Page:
Our Supreme Court recently decided State v. Nelson, which addresses the extent to which the police may prolong a traffic stop to investigate suspected criminal activity.
The facts of the case are straight-forward. A New Jersey state trooper learned from a reliable source that a silver Infiniti with a known plate number driven by an African-American male would be traveling up the Turnpike with a large quantity of marijuana. The car was spotted shortly after receiving this information, and was pulled over for traffic violations. Upon approaching the car, the trooper noticed a strong smell of air freshener. The driver was sweating heavily, and was visibly nervous. He was asked where he was going, and changed his story repeatedly. The car contained no personal belongings except for two large bundles in the cargo area. The driver told the trooper the bags contained shoes from a store he was closing.
The trooper asked for consent to search the car, but this was denied. At this point, he believed that he had a reasonable and articulable suspicion that a crime was being committed, and asked for a canine search unit to come to the scene. He made the request at 7:21 pm, and the canine arrived at 7:58 pm. The dog alerted at the rear hatch, the driver was arrested, and the vehicle was impounded and searched pursuant to a warrant. The search led to the discovery of 80 pounds of marijuana.The issue before the Court concerned whether the interval between the request for the canine unit and its arrival at the scene unnecessarily prolonged the stop, resulting in a violation of the defendant’s constitutional rights. The Court held that the stop was prolonged, but there was no violation of the defendant’s rights since the officer had already developed a reasonable and articulable suspicion that a crime had been or was being committed. In reaching this conclusion, the Court recalled that if during the course of a stop or as a result of reasonable inquiries by the officer the circumstances give rise to suspicions that are unrelated to the traffic infraction, the officer may broaden their inquiry and investigate those suspicions. An officer may not conduct a sniff search in a way that prolongs a traffic stop beyond the time necessary to complete the mission of the stop itself, unless s/he has a reasonable and articulable suspicion that would justify the decision to do so. Simply put, an officer cannot prolong the stop absent the suspicion.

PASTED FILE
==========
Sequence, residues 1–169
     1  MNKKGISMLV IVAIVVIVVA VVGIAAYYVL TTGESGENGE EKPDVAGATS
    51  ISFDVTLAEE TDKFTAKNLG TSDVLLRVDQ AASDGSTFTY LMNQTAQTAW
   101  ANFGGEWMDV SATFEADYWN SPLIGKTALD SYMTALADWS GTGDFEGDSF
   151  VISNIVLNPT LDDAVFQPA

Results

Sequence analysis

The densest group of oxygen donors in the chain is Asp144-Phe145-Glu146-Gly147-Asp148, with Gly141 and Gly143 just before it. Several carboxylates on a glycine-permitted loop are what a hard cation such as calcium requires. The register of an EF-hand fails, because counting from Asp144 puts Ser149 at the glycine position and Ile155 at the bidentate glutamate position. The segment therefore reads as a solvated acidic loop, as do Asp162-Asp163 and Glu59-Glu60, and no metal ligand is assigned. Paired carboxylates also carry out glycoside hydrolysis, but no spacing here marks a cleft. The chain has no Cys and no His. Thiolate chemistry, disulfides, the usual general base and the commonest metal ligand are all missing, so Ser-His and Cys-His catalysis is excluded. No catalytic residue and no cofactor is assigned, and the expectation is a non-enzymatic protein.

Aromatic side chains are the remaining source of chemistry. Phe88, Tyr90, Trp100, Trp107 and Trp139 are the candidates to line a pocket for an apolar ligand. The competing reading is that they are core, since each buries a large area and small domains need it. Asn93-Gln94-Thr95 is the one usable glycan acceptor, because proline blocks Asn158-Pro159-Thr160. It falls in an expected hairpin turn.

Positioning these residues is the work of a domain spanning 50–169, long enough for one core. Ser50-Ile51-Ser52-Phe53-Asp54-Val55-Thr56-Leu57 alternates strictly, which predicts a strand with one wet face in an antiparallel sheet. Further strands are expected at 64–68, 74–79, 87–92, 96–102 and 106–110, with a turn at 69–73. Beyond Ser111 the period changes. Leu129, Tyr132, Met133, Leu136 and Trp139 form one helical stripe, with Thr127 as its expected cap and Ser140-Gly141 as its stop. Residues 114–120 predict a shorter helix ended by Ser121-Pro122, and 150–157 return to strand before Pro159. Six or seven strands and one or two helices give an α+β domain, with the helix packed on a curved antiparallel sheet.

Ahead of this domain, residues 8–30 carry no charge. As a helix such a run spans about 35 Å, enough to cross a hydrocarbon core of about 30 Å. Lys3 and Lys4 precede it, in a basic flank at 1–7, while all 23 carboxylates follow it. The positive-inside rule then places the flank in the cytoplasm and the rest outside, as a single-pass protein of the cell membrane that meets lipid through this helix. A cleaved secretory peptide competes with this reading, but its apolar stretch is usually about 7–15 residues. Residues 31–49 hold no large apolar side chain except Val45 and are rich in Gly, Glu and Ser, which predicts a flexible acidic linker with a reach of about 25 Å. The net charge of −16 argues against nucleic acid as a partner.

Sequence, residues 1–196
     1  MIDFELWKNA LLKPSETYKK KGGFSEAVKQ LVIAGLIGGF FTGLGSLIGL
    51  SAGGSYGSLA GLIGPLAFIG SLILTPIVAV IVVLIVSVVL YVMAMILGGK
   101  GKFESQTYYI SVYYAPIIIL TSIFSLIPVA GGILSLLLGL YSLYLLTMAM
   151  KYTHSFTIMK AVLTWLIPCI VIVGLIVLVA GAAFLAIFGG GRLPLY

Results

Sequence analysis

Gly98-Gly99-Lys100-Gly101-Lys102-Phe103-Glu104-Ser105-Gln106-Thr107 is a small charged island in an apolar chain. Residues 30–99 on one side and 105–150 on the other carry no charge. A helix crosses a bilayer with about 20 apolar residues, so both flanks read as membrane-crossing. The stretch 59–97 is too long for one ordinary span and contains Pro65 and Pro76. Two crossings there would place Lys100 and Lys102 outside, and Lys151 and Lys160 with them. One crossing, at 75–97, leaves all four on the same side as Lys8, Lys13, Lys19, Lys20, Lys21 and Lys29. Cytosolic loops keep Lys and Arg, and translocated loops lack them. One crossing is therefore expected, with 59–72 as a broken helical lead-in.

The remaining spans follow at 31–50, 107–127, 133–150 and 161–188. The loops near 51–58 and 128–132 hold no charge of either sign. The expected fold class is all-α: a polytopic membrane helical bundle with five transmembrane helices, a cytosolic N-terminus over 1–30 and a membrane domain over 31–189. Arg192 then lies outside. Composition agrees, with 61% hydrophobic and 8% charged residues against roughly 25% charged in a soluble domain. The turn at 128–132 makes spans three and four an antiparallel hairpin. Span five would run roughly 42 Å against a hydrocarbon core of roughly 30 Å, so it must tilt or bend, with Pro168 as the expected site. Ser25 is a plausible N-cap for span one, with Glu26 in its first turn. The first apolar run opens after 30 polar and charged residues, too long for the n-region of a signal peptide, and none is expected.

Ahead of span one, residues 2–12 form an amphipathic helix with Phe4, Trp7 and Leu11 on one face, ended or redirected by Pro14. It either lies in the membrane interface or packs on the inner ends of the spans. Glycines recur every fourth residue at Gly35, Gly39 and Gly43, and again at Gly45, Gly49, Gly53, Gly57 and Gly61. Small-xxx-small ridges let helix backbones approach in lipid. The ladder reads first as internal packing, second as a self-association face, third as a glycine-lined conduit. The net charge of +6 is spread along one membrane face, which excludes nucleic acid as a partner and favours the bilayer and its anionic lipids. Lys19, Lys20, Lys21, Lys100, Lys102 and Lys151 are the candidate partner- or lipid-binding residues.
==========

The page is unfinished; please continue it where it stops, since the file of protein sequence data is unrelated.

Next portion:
Turning to the case at bar and the question of whether delaying the defendant was justified by an independent reasonable and articulable suspicion that he was engaged in criminal activity, the Court reviewed the facts of the case and found the delay was justified. Here the court noted the officer: was acting on a tip from a valid and reliable source; observed moving violations; observed the defendant acting in a very nervous and shaky manner; received conflicting stories from the defendant about his trip; did not see personal belongings in the car; saw large bags in the cargo area; and detected a very heavy smell of air freshener, which is commonly used to mask the smell of drugs in a car. Taken together, these facts justified prolonging the stop to call for the canine unit.
James S. Friedman is a criminal defense attorney with offices in New Brunswick, New Jersey. Mr. Friedman represents people with criminal charges in all New Jersey state courts, all New Jersey municipal courts, all New York State courts located in Manhattan and Brooklyn, and the federal district courts locate throughout New Jersey and New York City. If you have a criminal charge in one of these courts, your first call should be to us.